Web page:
The 2018 net housing supply figures have been released. They show a positive and steady picture for housing. Albeit one that falls substantially short of the outturn that we were looking for if the 300,000 homes figure is to be achieved in the shorter term.
A strong performance from today's figures in new housebuilding, which rose to over 195,000 new homes. A marked uplift from 2017, but, a decade on, still below the 200,000 high water mark for new homes of 2007/08. We had been looking for that figure to be exceeded this year. Especially given the huge boost in new housebuilding seen in the Government's figures for new housebuilding in September 2018, that showed an increase of more than 20,000 completed new homes over the previous year.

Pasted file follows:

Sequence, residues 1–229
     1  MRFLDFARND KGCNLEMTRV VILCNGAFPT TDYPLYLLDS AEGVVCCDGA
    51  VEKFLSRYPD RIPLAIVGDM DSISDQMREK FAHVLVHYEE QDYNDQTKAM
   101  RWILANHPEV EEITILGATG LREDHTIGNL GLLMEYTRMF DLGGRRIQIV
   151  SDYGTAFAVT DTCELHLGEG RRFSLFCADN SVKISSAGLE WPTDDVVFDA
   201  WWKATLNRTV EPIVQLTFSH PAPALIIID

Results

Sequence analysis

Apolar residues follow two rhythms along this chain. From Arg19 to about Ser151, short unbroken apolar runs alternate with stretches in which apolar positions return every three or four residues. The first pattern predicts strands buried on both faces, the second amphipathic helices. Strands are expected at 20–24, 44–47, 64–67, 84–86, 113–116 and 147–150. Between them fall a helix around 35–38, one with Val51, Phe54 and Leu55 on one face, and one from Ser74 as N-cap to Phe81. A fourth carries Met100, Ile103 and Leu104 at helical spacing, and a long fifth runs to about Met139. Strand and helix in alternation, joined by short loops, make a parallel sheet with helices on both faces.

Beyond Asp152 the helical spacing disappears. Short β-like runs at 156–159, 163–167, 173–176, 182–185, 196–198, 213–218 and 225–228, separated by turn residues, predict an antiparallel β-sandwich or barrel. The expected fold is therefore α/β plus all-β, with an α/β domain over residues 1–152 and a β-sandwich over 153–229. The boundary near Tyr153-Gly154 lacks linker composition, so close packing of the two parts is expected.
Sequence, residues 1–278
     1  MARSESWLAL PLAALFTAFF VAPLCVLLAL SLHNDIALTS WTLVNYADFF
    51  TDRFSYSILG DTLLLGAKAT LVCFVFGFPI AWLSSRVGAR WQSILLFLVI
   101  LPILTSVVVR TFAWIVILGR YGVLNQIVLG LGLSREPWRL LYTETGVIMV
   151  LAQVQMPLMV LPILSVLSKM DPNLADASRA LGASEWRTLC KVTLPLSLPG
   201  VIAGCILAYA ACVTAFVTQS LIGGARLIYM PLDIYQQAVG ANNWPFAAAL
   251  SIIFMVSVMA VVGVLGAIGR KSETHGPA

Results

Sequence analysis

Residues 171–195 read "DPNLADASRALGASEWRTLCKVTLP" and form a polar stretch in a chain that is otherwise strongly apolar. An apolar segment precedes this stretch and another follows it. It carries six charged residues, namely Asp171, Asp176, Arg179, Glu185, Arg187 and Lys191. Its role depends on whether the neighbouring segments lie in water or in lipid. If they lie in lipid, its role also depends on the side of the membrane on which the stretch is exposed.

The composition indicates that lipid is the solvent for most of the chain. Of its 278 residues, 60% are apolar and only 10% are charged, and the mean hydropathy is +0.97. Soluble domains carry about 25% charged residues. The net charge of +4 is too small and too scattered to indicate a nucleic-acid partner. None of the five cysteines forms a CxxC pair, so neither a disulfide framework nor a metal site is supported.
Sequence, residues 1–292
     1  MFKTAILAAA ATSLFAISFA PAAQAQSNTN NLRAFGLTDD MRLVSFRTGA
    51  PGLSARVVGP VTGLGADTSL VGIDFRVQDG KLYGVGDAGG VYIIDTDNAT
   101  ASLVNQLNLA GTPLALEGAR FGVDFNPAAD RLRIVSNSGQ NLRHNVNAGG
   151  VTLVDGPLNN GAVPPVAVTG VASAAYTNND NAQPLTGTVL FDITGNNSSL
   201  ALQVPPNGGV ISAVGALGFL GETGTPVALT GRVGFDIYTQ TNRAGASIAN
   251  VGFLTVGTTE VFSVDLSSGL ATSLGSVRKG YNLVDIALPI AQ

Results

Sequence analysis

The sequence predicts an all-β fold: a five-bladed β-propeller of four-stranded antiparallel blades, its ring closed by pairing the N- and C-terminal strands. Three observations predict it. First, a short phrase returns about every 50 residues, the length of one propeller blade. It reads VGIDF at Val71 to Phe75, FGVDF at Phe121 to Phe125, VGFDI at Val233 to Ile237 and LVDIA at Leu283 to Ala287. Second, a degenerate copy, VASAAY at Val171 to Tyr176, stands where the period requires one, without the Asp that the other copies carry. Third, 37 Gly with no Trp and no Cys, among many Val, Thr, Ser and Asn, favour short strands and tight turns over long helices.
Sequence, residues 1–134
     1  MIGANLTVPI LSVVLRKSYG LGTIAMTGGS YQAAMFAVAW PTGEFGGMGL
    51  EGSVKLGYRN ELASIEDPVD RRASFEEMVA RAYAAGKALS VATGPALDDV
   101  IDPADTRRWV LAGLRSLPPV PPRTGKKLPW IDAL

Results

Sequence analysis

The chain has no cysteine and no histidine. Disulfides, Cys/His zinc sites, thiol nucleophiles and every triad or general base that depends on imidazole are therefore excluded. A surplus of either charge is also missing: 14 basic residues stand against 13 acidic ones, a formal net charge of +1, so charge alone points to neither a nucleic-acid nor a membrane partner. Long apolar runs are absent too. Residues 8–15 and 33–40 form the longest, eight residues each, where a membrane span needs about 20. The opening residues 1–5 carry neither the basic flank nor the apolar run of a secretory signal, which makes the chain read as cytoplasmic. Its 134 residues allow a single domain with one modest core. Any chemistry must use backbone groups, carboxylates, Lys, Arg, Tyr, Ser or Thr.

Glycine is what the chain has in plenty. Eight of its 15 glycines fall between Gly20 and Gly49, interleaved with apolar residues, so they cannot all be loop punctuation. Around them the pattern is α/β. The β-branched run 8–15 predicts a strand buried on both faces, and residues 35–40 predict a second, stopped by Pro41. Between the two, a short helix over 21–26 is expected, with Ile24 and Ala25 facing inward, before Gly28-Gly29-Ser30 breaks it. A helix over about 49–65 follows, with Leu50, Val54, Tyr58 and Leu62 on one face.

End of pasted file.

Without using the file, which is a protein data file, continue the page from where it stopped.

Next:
Notable also was the fall in 'office to resi' conversions. Down over 6,000 homes from last year's figures.
How do this year's figures sit against housing expectations?
'steady as she goes' for this year's net supply figures- more modest growth than we were looking for, but still comfortably north of 200,000 new homes a year.
The Conservative government's 2017 manifesto commitments of 1 million homes between 2015 and 2020 and 1.5 million extra homes by 2022 look within reach based on current performance. That will require the same type of steady performance of between 210,000 and 225,000 homes for each of the next four years and a further year on year increase in the contribution of new housebuilding as against changes of use. Given uncertainties over Brexit, macroeconomic indicators, affordability and skills, there are undoutedly challenges that will need to met over that period.